Broadway took its usual nap between Memorial Day and the Tonys fete. Actually, it was a slightly deeper B.O. sleep than usual, as receipts fell $1,724,838, or 11.40%, from the previous week.

Twenty-nine shows produced $13,408,261, with paid attendance coming in at 213,627. Although last week’s combined grosses set a record, the latter number is down 10,000-25,000 from recent Broadway seasons.

Clear away the noise about the old season’s record $720 million tally: Fact remains that few productions in Week One of the 2003-04 season look poised for a long run beyond the June 8 Tony Awards.

A paltry four shows improved on the Memorial Day session — and two of those apparently benefited from imminent closings.

‘Love’ works

“Look of Love” ($221,912) and “Salome” ($431,259) improved about $6,000 each, with the Al Pacino starrer only $18,000 under its gross potential for six performances.

Popular on Variety

More meaningful for the long run was the $16,837 bounce delivered to “Nine” ($628,570), which operated just $15,000 under its gross potential.

Even bigger news is the continued success of “Long Day’s Journey Into Night” ($603,178), up $49,451 and the first play to land on the Top 10 chart (No. 8) this year. Its cume for the first session of 2003-04 topped any play’s weekly gross from the 2002-03 season. (Old record holder: “Long Day’s Journey” taking in $553,727 during May 18-25.) Amazingly, the show’s average price ticket of $84.38 is currently second highest on Broadway, just under the $84.72 recorded for “Hairspray” ($969,876), which sold out, as did “Nine.” “Journey” might have hit 100% cap, too, but Vanessa Redgrave was out one perf due to the death of her mother, Rachel Kempson.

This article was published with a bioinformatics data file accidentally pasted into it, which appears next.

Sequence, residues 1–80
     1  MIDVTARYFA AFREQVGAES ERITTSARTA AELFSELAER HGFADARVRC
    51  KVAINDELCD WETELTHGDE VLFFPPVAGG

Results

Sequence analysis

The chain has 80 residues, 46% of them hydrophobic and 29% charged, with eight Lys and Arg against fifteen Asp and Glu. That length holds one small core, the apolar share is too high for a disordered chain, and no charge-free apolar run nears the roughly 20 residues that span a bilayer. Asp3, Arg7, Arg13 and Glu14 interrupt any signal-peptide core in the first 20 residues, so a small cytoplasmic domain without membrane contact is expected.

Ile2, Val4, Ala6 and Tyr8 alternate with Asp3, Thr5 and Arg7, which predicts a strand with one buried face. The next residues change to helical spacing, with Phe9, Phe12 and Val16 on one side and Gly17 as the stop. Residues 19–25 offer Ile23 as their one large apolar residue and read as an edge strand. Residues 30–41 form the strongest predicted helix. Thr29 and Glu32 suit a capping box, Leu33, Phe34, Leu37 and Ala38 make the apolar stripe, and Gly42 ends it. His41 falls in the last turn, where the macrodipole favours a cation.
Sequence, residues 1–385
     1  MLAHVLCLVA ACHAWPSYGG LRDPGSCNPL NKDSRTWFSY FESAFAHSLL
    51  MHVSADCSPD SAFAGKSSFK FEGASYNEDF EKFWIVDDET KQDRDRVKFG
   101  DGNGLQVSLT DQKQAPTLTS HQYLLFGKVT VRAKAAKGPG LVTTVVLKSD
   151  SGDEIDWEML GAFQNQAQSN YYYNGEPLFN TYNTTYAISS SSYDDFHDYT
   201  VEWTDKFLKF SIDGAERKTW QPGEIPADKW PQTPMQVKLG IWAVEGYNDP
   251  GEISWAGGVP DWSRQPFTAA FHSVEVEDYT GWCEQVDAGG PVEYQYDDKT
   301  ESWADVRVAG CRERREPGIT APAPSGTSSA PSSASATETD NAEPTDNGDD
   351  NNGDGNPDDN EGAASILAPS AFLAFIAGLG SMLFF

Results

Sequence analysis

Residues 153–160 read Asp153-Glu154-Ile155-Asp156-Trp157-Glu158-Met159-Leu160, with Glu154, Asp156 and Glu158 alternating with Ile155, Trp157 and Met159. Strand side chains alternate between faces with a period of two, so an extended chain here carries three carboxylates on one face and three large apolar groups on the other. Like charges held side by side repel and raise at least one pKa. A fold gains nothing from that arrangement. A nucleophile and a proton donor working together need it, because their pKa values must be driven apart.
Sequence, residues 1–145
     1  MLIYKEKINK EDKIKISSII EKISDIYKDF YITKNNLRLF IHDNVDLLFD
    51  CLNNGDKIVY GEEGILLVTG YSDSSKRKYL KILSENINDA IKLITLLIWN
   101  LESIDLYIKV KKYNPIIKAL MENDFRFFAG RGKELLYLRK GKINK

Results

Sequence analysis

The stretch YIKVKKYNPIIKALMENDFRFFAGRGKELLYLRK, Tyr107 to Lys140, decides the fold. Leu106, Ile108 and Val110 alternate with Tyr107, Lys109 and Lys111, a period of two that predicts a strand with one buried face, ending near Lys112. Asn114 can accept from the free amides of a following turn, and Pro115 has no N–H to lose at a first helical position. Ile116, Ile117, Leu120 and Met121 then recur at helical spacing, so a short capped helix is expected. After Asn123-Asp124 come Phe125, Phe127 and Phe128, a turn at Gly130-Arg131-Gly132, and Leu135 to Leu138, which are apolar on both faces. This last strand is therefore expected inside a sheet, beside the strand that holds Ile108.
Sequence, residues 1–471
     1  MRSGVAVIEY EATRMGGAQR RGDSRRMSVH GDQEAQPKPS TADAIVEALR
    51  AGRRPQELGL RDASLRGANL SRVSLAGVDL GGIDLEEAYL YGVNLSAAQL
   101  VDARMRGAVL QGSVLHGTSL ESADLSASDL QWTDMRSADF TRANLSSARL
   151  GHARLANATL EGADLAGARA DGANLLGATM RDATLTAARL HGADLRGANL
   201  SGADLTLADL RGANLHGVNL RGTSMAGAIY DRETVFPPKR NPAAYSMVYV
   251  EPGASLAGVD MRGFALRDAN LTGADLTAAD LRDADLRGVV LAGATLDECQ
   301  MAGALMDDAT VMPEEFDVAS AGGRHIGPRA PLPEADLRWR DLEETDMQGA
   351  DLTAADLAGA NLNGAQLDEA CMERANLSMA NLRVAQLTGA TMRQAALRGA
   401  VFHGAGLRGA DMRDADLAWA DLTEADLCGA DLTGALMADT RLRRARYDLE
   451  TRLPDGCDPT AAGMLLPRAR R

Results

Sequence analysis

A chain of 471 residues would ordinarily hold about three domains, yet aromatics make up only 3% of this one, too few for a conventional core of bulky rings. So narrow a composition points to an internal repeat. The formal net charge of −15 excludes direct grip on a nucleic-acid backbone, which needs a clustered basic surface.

All other shows saw declines, some huge. For the first time in its one-year-plus run, “Thoroughly Modern Millie” ($529,908) fell off the Top Ten chart completely, dropping $174,934 to the No. 11 spot.

Now the longest-running show on Broadway, “The Phantom of the Opera” ($524,567) went to No. 12 despite a $60,136 plunge at the box office.

That decline looks robust compared with the six-figure plummets afflicting “Aida” ($498,264), “Beauty and the Beast” ($390,149), “42nd Street” ($588,491), “La Boheme” ($486,085), “Man of La Mancha” ($481,070) and “Rent” ($280,069).

Under the Top 10, five-figure retreats put several shows within close range of their weakest numbers to date: “Cabaret” ($297,909), “Enchanted April” ($143,158), “Life (x) 3” ($231,473), “Say Goodnight, Gracie” ($91,941), “Urinetown” ($246,189) and “Year With Frog and Toad” ($147,984).

Add to that list the B.O.-baffling drama known as “Take Me Out” ($186,792), which slid $47,682, despite winning a ton of awards last month. Will the Tony help?